Vespers – St. Mark 8:22-26
You have probably never heard a sermon on this text from St. Mark 8. You have also likely never really been through a Bible study on this text either. In fact, you would be hard pressed to find anyone discuss this text at all in any context or situation. Dare I say it, but it is even possible you have never read this text at all.
Because it is strange. And Jesus doesn’t come off looking to good in this text.
Jesus goes to heal a blind man, and it seems to take two tries. The first time, Jesus gets the man to see, but what he sees is blurry and unclear. Walking trees is how he describes everything around him. Jesus repeats the process, and now the man can see clearly.
You can see why this text was left out of our rotation of Sunday morning readings, not to mention most devotional literature. You can see why most people, even in the Church, shy away from this text, unless of course, they want to criticize Jesus.
This is the Jesus you are afraid of getting, isn’t it? A Jesus who can’t really help you. A Jesus who can’t really make you well. A Jesus who is so overwhelmed by your problems that it takes multiple tries to make you well.
Surely that is what the man in our text thought: everyone else gets healed on the first try, by the spoken word or by a touch, some even just by touching a loose thread of Jesus robe; but just my luck, Jesus can’t help me. Jesus can heal all these other people with all these terrible diseases, but when it comes to me, I’m just to sick, just too far gone; there is no helping me.
This is where Satan comes and tells you that your sins are too great, that your baptism can’t wash away that imperfection; that your whole life is a mess, and Jesus can’t do a thing to help you.
What is one to do?
Some might say that the point of this text is that Jesus does not give up on you, even if it takes 2 or 3 or 4 or more tries to get you back in the game. Cute. But not quite. Jesus words, His death and resurrection, always work, every time, the first time. When Jesus announces to you the forgiveness of sins, when He claims you as His own in the waters of Holy Baptism, when He feeds you His very body and blood, He doesn’t have to shout to make sure you hear Him. He doesn’t have to soak you more to make sure you become clean. He doesn’t have to give you a bigger piece because you are extra sinful. Jesus works the first time, every time, and He always has and always will.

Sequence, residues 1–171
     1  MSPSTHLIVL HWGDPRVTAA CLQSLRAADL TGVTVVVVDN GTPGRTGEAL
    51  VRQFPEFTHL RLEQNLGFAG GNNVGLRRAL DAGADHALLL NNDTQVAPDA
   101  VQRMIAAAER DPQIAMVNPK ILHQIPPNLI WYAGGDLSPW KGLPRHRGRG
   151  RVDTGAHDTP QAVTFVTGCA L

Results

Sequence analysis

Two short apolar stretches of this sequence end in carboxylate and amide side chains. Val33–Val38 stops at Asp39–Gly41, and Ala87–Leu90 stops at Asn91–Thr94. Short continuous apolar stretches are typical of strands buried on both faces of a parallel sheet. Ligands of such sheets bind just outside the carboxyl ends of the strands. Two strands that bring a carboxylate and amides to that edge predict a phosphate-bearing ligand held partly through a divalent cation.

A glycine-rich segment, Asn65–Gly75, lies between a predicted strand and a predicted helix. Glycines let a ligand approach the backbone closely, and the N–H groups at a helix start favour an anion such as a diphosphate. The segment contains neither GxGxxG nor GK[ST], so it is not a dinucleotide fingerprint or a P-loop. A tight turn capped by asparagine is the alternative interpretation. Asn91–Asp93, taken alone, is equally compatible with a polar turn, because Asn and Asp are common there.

So what to make of our strange text?
This text is not actually about Jesus so much as it is about you.
Like the man in our text, you are born deaf and blind to the word of God; and whatever comes out of your mouth concerning the Lord, is incoherent nonsense. But as you learn the word, as you study it, it becomes clear; but not all at once. For a while, you may see walking trees; you see a glimpse of who Christ is, but not the whole picture.
And then finally, you have the ‘aha’ moment. Your eyes are opened fully to see the works and wonders of Christ Jesus for you.
This is the pattern in St. Mark’s Gospel. Prior to Christ, everyone was deaf and blind and speaking incoherently. When Christ came, eyes began to be opened, but they were still only showing a blurry picture; people see bits and pieces of Jesus, but often leave more confused than confident, for what they see does not always make sense, think of Peter who one minute confesses Jesus to be the Christ, but the next tries to prevent Him from going to the cross..
And then at the resurrection, and especially on Pentecost, the eyes of all are opened, and they can see clearly who Jesus is, and for what purpose He came.
So what is your response when your eyes are opened and all things are made clear?
Like the man in our text, you cannot hold that joy in. Once you see who Christ truly is and what He came into the world to accomplish, you cannot help but tell others, so that the fog may be lifted from their own eyes, and they too might see their Lord and Savior standing before them, announcing to you and to them, forgiveness, life and salvation.
There is nothing to be afraid of when it comes to this text; for this text like all others, points us to Christ, the Savior of the world, who has come so that you may have life, and have it in abundance.